The 2006 Saints made us believe in them, despite 40 years of heartbreak and failure. This time, just in time, they were for real. They inspired us with dazzling play against the odds, after so-called experts wrote them off as a pack of losers. As they marched toward the playoffs and the NFC championship game against the vaunted Chicago Bears, they gave us reason to hope not only for our team but also for our city. If a team that had gone 3-13 just a season earlier could reach the conference championship game, couldn't New Orleans likewise pull itself out of a slump?
On one level, of course, football is just a game, a diversion from the serious, hard work that confronts us every day. On another level, for the faithful and the storm-battered, they were the perfect metaphor for post-Katrina New Orleans, a balm for our weary souls. Cast adrift after the storm, like so many of their fans, the Saints returned home a year later with newfound purpose and zeal, lifting our spirits and inspiring us to do likewise in tackling the tasks of recovery.
With each victory, more and more among us came to believe that this team really could, really would, make the playoffs and march toward the Super Bowl. The players' over-the-top performances on the field complemented their acts off the field as well, as newly minted heroes like Drew Brees and Reggie Bush embraced a tired and tattered city as their own with boundless enthusiasm and a heartfelt generosity of spirit. Truly this team, this season, was special. At a time when our elected leaders seemed to let us down at every turn, our Saints gave us reason to hang onto hope, to believe not only in them but also in ourselves.
Yes, they inspired us, but now what? The season is over. The coaches and players have scattered for a well-deserved rest. In the end, it was just a game. Now it's back to work, where much more is on the line than a football game or a winning season. Seventeen months after Katrina, our city still faces fundamental hardships as we wake to a post-season hangover: streets remain in disrepair; stoplights on major thoroughfares still don't work; utilities are on the mend but not always reliable, particularly during frequent thunderstorms; thousands of homes remain ungutted; thousands more residents remain displaced; we're still debating the framework of a recovery plan; insurance companies and public assistance programs drag their feet and wear us down; public schools are struggling to recover, but many seem to be in disarray as a teacher shortage forces the nascent Recovery School District to turn away some students; and worst of all, violent crime seems to have the city in a death grip.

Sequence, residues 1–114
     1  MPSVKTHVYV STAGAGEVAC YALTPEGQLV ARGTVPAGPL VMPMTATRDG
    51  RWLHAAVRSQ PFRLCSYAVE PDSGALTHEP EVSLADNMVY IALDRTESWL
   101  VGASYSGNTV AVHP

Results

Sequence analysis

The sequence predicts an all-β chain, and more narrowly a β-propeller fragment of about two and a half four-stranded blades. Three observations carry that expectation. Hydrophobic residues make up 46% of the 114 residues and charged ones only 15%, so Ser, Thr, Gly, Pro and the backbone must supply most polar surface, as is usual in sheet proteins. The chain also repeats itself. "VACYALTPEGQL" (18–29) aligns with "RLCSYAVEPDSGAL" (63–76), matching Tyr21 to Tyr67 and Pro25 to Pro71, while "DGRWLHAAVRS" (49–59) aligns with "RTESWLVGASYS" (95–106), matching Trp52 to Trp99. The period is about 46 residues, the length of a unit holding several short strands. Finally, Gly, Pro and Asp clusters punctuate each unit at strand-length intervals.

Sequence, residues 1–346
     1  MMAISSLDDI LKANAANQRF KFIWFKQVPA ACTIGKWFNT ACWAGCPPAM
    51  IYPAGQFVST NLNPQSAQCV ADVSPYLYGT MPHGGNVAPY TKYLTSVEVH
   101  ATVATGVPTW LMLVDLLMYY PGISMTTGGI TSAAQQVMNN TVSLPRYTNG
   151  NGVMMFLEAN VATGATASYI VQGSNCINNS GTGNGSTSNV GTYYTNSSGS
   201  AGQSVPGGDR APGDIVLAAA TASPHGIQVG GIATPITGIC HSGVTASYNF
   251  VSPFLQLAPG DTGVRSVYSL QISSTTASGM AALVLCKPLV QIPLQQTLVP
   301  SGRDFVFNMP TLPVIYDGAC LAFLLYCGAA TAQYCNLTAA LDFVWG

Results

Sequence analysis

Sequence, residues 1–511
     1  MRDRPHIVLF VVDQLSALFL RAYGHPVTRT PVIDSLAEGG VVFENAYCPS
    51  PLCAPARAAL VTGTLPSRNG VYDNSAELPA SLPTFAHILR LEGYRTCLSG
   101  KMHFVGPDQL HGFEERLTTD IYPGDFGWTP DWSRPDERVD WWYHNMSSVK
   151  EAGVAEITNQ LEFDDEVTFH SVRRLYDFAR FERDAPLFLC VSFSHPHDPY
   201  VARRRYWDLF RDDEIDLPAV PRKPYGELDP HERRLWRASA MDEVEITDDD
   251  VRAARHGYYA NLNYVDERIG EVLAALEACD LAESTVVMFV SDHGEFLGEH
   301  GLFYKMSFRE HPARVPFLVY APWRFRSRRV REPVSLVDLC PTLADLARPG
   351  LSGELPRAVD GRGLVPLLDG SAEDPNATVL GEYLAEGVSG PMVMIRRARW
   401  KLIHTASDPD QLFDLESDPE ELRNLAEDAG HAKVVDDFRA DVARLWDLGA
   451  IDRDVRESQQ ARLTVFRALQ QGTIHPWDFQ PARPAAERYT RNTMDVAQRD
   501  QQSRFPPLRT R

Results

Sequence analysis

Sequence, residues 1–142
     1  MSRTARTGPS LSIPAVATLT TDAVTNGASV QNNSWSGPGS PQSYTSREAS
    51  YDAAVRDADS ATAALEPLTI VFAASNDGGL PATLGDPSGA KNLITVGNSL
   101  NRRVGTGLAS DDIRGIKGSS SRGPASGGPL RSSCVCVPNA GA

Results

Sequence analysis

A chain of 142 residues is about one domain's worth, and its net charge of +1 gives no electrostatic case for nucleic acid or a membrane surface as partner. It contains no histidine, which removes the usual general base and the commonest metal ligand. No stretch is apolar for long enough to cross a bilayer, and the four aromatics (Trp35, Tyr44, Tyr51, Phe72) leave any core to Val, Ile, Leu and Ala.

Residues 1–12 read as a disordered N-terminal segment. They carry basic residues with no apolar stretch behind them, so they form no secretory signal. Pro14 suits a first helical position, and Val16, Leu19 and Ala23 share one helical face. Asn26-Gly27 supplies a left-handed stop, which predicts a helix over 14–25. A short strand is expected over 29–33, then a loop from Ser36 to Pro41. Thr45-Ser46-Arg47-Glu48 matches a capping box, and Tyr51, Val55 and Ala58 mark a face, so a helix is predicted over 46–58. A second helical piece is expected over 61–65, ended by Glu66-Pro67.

Welcome back to reality.
As long as the Saints were winning, it was easy to believe that better times were just around the corner. Faith and hope are transformative virtues, and the Saints gave us plenty of both. So ... where's the transformation?
If the Saints' enchanted season is to have any lasting impact, if it's to be anything more than a mindless diversion, New Orleanians will have to turn their faith into action, their hope into hard work. The Saints didn't get to the playoffs merely because they believed they could. They got there through hard work, grit, mental and physical toughness and teamwork. They got there by not shrinking from adversity, by finding reservoirs of strength deep within themselves when things seemed most desperate.
Those are the same qualities that New Orleans will have to bring to the task of recovery. Our team made it to the conference championship, but New Orleans faces a much longer and tougher recovery "season" -- one that will last years. There will be difficult times along the way, and even some defeats. But, if we persevere, if we become single-minded in our determination to succeed, if we can count on one another, if we refuse to give up hope, we will see our share of victories as well.
If we can do all these things, then the Saints' enchanted season will have been much more than a magnificent diversion from the depressing realities of post-Katrina life in New Orleans. It will have truly been the spark that rekindled fires of passion for our city within us all.
The Saints now have to build upon their winning ways. Both the team and the city will have to remember what got us this far. Nobody is going to hand us anything. Hard work. Perseverance. Grit. Mental and physical toughness. Never giving up. Being there for one another.
It's a proven formula. We start with faith and hope, but in the end it's the will to overcome that matters most. Do we have that kind of will as a city?